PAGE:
Winter means awards time. Who cares about Emma Stone and Ryan Gosling?
Once more, as we begin our descent into awards season, and I find myself looking forward to seeing this year’s slight variation on the tuxedo, and how funny it would be if Julianne Moore or someone was literally wearing Tom Ford—like, the actual person—I naturally reflect on my favorite part of the Oscars.
Along with the In Memoriam reel, which offers the rare and wonderful opportunity to see our favorite actors not talking, my favorite part of the show comes toward the shank of the evening, when most home viewers get restless and, as a kind of stalling technique, begin to feign casual interest in the people around them.
I am speaking, of course, of the presentation of Best Sound Editing and Best Sound Mixing, two categories I know absolutely nothing about. What I do know, however, is that these expert filmmakers are time and again the Oscars’ most exuberant bunch. Bounding down from their nosebleeds in the fourth mezzanine, arms thrown over each other’s shoulders, these folks take their moment as if no one’s watching.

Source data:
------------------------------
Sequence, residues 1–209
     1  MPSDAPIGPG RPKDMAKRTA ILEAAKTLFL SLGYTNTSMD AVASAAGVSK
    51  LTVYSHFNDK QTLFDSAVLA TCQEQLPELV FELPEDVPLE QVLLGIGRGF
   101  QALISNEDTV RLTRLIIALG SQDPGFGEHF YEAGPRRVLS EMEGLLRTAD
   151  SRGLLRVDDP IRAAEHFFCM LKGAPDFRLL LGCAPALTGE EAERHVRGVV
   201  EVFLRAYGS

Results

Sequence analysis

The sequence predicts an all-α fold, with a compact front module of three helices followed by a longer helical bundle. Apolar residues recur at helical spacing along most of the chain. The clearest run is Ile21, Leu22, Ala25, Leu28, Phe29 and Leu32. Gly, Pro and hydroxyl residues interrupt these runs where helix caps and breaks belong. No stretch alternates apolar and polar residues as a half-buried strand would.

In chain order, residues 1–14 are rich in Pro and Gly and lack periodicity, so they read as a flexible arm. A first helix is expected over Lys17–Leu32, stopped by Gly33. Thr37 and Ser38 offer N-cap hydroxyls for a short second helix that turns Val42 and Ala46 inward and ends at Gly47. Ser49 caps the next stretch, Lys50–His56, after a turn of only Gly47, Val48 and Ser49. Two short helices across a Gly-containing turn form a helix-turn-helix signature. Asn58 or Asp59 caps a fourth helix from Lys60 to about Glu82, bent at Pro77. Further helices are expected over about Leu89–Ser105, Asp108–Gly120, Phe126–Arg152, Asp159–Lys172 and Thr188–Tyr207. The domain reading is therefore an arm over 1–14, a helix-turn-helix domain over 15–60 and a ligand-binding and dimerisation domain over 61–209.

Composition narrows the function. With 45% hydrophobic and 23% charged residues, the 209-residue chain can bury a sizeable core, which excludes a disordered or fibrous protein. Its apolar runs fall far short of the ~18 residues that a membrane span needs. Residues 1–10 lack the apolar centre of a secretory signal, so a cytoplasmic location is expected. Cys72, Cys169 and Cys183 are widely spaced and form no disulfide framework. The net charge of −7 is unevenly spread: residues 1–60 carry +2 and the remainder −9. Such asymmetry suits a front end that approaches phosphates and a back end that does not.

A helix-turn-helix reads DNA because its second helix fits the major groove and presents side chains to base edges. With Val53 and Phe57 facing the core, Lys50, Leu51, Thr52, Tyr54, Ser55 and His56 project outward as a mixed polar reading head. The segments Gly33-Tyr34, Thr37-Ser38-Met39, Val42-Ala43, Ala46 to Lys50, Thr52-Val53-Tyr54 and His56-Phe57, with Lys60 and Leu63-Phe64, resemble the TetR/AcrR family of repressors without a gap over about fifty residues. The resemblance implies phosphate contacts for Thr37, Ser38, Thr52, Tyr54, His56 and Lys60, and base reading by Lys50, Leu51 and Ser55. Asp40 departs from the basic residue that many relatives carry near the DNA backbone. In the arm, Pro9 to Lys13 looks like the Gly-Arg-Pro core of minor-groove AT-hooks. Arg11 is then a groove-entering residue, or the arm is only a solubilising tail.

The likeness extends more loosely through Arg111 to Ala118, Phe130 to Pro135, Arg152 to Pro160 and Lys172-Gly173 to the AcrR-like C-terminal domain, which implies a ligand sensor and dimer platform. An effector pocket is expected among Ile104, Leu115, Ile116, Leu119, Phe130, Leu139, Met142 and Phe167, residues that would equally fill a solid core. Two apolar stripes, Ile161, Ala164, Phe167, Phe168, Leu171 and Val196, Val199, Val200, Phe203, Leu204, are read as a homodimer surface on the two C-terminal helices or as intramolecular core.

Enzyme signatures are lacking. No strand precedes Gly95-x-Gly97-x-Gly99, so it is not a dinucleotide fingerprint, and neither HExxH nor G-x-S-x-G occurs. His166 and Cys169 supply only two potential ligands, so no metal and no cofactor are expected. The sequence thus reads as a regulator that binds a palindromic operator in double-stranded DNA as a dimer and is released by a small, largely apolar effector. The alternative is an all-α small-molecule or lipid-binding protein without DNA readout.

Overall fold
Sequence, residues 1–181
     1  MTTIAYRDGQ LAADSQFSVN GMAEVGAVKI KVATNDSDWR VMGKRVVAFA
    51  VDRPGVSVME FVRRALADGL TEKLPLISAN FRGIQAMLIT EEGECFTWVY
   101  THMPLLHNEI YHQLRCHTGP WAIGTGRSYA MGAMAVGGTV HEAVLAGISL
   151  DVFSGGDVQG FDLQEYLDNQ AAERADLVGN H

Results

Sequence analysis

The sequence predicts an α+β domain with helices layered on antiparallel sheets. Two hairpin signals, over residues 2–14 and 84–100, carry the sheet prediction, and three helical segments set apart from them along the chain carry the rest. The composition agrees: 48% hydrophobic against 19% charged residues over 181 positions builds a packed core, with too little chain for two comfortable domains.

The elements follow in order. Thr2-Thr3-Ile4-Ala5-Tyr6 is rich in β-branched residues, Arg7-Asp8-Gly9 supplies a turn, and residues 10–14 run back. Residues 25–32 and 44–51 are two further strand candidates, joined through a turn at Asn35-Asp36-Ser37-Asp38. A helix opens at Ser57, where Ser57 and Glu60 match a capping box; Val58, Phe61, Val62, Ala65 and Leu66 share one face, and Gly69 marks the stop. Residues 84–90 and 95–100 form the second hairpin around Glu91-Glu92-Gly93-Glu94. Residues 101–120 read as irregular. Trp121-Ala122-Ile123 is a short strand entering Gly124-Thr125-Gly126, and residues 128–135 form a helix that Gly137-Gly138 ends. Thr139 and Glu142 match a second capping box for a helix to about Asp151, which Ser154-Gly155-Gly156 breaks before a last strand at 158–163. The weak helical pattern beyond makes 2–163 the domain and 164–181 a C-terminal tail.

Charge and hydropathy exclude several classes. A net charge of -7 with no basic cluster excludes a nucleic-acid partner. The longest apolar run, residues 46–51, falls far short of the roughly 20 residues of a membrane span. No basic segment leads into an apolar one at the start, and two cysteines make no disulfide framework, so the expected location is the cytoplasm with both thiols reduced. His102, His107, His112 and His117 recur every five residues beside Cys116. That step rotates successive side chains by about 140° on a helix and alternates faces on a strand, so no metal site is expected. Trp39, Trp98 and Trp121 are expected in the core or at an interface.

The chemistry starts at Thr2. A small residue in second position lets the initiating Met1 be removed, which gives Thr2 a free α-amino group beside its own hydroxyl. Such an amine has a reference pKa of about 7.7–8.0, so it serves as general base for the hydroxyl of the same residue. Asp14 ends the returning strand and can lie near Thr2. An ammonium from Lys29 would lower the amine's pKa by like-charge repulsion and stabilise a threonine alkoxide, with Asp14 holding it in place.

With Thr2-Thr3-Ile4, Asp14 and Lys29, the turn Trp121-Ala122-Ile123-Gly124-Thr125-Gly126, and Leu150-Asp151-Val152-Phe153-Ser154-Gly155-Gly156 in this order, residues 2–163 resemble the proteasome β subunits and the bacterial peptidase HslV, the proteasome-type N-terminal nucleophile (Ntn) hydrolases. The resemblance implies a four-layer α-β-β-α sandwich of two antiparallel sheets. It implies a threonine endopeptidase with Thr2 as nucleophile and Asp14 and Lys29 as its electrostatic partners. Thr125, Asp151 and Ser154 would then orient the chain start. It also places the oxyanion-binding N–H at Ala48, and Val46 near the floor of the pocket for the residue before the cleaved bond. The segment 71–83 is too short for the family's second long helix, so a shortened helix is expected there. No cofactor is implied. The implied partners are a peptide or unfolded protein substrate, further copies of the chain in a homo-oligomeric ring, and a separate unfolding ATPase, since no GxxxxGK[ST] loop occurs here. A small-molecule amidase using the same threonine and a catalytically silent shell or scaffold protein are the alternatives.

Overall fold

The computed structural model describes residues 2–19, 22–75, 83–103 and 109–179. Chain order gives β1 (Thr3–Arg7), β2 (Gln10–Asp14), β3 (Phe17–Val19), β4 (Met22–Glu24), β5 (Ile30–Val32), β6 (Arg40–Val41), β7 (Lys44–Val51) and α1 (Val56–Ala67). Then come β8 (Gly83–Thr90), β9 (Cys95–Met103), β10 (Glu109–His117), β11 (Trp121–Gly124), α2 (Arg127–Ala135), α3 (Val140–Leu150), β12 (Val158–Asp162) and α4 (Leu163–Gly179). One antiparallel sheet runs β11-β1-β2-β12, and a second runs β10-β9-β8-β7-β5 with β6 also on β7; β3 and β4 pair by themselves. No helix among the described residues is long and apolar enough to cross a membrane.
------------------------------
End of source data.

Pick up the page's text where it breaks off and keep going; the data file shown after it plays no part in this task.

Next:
They aren’t auditioning. By virtue of their trade, they don’t make their speeches with obstreperous egos, or the tendency to emotionally over-share—only the fraternal good will of a nerdy combat unit on furlough and an obvious love for their industry. I hope the Academy never promotes these heroes to the front of the orchestra. Year after year, I have come to so cherish their long victory march to the stage.